"At that level, you're in complex defenses," Girault said. "It was one of those things -- they don't have to say much to one another to know what is going on. We would yell out our calls and adjustments, they would look at each other and give each other a nod."

In the three seasons they played together, Rutgers went to bowl games every time.

But everyone knew the inevitable was coming, even if the boys did not talk about it specifically. Because Devin redshirted, he would have an extra year of college eligibility after Jason was done. The McCourtys would be separated for the very first time. Harrell didn't dread the separation of the boys -- she was sure they were level-headed enough to be fine on their own -- but she was already looking a year down the road.

"That was my biggest worry -- after Jason gets drafted, what's going to happen if Devin doesn't get drafted?" Harrell said.

In the 2009 draft, Jason, who had been told by some prospective agents he might have a few years as a special teams player, was selected in the sixth round by the Tennessee Titans. The wait for the pick was excruciating -- Jason has said he went to his room to watch a movie because the day was so long. As soon as he was picked, the brothers immediately found a Titans roster to find out how many cornerbacks were already there. Making the team was no sure thing and neither was how Jason and Devin would manage without each other.

"It was a little weird -- we share sneakers, so we had to split sneakers up," Devin said. "I remember not really knowing what to expect. We start winter conditioning, and Coach Schiano got mad and made us run gassers for like an hour straight. I remember that moment, like man, our whole lives, we always had each other. I could vent to him, but now to vent to him I had to explain to him everything that had happened."

Said Kevin Malast, another former Rutgers teammate who later played with Jason at Tennessee and now handles the brothers' sports marketing efforts: "Those two overcommunicate. They would Skype each other nonstop. FaceTime. They are classic twins. They dress alike. Guys, we get it. You're identical twins. You don't have to wear the same Jordan 1s."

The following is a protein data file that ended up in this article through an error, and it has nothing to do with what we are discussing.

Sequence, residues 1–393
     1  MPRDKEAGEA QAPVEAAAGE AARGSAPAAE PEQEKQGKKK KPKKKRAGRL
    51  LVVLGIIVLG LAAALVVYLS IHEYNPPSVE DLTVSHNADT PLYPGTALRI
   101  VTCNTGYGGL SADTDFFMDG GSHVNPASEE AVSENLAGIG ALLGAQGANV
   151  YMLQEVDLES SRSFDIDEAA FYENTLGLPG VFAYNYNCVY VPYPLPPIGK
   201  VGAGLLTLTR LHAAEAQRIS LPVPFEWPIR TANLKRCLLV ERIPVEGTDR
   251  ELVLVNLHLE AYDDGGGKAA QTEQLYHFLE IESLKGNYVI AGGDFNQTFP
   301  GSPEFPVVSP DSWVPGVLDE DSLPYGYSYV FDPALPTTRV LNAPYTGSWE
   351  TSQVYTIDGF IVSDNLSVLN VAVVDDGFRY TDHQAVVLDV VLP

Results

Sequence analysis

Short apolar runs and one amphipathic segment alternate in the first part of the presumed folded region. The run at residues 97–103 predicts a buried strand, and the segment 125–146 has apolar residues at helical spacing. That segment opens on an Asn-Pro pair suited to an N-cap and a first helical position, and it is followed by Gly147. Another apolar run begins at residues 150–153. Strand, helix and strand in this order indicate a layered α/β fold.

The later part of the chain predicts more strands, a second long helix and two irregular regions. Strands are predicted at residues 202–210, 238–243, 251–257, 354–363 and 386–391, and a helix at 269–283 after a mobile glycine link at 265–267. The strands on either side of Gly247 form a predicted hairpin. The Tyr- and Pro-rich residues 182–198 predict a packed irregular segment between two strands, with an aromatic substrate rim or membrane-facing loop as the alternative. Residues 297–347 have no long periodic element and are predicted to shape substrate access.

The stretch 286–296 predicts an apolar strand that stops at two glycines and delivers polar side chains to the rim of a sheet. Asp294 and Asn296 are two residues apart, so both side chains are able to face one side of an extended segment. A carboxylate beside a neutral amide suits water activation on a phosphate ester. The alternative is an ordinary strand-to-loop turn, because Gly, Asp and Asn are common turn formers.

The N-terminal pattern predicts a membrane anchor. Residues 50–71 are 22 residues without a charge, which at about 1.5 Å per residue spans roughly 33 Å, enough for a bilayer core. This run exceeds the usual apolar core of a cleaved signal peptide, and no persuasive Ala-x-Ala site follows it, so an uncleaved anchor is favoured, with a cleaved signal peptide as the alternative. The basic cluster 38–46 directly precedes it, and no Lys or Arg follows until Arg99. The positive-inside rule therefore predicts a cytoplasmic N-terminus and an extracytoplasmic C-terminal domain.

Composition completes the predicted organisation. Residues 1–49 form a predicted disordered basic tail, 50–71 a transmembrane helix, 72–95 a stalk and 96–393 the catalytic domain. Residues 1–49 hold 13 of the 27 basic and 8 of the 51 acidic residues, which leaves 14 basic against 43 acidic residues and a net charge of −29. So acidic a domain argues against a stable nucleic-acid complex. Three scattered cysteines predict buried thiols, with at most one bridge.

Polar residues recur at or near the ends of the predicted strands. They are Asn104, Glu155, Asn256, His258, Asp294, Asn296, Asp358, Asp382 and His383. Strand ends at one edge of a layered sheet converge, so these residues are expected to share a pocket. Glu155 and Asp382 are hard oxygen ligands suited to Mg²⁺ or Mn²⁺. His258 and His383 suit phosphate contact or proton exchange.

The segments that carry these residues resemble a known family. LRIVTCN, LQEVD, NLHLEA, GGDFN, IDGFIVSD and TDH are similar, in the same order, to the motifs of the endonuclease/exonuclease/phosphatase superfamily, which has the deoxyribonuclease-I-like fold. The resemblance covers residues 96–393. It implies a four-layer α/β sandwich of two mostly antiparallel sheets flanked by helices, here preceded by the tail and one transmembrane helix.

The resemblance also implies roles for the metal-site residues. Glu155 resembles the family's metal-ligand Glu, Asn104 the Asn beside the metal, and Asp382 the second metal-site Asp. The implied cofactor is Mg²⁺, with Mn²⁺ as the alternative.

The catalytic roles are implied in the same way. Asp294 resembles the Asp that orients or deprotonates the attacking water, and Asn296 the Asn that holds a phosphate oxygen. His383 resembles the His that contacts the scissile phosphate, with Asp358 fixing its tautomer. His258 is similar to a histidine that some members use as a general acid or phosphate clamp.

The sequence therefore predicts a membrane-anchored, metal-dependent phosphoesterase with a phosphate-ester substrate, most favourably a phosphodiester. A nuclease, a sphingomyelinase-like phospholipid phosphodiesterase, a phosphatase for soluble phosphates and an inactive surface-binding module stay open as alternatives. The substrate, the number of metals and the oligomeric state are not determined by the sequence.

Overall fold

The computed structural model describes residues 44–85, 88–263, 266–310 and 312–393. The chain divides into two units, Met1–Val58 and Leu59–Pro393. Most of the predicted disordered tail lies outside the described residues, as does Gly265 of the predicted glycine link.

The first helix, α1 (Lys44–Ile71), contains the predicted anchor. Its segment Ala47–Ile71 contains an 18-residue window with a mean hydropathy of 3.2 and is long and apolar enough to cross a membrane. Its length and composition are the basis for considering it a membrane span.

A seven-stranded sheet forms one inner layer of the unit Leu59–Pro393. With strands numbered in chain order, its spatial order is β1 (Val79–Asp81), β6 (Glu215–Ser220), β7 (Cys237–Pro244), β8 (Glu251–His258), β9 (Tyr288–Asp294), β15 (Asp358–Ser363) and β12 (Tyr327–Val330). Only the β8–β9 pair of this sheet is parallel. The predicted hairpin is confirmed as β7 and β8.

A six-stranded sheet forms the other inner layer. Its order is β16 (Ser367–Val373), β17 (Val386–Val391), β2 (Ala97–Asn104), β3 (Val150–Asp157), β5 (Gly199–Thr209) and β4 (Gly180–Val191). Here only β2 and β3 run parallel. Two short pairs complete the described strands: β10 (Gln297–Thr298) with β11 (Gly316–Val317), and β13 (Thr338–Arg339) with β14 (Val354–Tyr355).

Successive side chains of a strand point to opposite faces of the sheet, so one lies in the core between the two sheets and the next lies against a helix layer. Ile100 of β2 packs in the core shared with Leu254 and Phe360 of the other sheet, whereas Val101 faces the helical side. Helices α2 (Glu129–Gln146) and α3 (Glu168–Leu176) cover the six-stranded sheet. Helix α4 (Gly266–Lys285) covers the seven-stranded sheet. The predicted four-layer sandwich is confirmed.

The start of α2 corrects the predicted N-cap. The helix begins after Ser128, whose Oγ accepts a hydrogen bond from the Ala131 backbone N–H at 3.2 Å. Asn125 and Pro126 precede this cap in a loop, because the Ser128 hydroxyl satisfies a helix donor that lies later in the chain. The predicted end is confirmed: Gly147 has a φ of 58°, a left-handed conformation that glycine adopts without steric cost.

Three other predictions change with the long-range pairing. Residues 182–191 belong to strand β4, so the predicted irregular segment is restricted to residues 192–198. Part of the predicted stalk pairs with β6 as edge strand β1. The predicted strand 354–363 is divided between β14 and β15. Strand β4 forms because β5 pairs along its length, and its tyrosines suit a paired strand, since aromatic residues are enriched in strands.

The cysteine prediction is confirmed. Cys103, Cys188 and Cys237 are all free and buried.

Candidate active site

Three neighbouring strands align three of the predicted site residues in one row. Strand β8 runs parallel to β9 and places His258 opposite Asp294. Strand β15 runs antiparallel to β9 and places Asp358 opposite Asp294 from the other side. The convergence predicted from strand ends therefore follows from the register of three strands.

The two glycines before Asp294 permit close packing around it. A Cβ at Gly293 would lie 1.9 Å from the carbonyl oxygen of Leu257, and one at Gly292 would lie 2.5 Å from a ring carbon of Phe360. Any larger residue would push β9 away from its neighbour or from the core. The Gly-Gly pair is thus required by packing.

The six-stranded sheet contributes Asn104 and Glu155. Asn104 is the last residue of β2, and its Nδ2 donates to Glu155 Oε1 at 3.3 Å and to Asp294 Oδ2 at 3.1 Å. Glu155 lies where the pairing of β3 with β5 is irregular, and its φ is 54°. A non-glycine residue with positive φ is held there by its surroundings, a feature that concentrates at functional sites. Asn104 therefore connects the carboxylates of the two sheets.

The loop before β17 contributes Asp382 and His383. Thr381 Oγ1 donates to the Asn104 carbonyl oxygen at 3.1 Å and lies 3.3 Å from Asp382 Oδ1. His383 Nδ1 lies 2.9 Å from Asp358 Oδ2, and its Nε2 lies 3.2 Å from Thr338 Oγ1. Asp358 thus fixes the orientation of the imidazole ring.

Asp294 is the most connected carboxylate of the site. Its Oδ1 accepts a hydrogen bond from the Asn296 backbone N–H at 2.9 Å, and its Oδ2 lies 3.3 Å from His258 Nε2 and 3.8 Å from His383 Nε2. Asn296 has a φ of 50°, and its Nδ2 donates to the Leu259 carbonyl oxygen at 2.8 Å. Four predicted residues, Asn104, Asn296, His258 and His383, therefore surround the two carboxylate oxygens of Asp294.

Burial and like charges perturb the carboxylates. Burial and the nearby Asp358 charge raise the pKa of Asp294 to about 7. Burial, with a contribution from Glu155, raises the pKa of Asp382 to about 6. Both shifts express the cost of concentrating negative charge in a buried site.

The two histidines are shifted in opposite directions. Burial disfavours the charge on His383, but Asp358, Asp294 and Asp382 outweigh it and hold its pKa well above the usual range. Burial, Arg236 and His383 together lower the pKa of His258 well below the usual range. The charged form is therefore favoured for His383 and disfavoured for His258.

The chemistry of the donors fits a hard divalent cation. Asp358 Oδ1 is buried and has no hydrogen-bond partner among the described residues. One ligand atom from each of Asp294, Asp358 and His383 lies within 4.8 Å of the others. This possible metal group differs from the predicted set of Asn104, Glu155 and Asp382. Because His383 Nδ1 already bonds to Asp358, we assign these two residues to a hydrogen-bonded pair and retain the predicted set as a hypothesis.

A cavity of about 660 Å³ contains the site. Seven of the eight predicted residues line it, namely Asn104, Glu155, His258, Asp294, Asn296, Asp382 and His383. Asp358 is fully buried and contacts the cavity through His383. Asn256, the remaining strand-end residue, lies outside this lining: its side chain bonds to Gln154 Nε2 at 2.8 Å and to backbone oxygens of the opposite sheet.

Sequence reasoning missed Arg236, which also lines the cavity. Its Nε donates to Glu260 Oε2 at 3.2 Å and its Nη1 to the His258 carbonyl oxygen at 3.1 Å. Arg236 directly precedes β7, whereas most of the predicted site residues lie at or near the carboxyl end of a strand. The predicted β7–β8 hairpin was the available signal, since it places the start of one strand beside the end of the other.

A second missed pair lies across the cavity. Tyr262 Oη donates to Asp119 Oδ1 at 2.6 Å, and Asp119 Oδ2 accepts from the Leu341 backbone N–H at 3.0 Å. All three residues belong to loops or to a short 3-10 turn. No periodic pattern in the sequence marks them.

In their first time apart, both boys flourished. Devin became a standout cornerback for Rutgers. And Jason, unexpectedly, became a starter in the first month of his rookie season.

"There was no better feeling than watching the first time he started a game," Devin said. "I went to a local bar and watched the game by myself, eating in a corner. And I remember he started a Sunday or Monday night game and I remember sitting in my room watching every play. That became very cool, but it was a big adjustment."

The third start of Jason's career came against the Patriots in Foxborough and Harrell was there. The game was a disaster -- the Titans lost 59-0.

"It's still one of the worst games I went to -- it rained, snowed, sleet, hail, everything," Harrell said. "We were in the nosebleed section, so we got the wind, too. At halftime, we were leaving, and I said, 'At least I never have to come to this stadium again.' "

* * * * *


IT'S FUNNY HOW THINGS WORK OUT. While he was still in school, Schiano had called Karcich to tell him he was right -- that Devin was probably the better player. The 2009 Scarlet Knights finished 9-4, but at one point that season, they had cracked the top-25 rankings. And in the spring of 2010, Devin was drafted in the first round by the Patriots with the 27th overall pick, 176 picks earlier than his brother. Devin is convinced now his brother's early success in the NFL helped boost his draft position.

Maybe so, but Jason had to look on all those years as Devin settled into and starred with one of professional sports' greatest dynasties. He made the Pro Bowl in his first season. In Tennessee, Jason played for four different coaches in eight seasons, and the Titans never made a playoff appearance, although Jason became a team captain. After the Titans released him in 2017, he signed with the Cleveland Browns. They went 0-16. The Patriots have won the AFC East all nine seasons Devin has played there.

Jason never complained about how very starkly the brothers' careers had diverged, but, as Harrell put it, "I think he felt blessed to be in the NFL, but who doesn't want to go to the top of the mountain?"